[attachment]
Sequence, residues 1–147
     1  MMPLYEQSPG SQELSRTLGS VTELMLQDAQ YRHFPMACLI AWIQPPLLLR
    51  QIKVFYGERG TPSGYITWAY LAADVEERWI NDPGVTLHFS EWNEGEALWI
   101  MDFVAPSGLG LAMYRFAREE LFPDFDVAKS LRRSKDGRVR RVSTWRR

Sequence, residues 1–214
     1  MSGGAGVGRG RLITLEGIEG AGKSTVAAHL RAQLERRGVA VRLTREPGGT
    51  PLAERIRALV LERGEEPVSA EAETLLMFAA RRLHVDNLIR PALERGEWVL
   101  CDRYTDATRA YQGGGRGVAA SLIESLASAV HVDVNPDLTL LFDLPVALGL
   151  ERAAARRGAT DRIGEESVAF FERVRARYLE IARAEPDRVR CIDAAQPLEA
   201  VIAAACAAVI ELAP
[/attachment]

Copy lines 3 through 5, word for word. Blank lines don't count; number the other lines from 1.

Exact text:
    51  QIKVFYGERG TPSGYITWAY LAADVEERWI NDPGVTLHFS EWNEGEALWI
   101  MDFVAPSGLG LAMYRFAREE LFPDFDVAKS LRRSKDGRVR RVSTWRR

Sequence, residues 1–214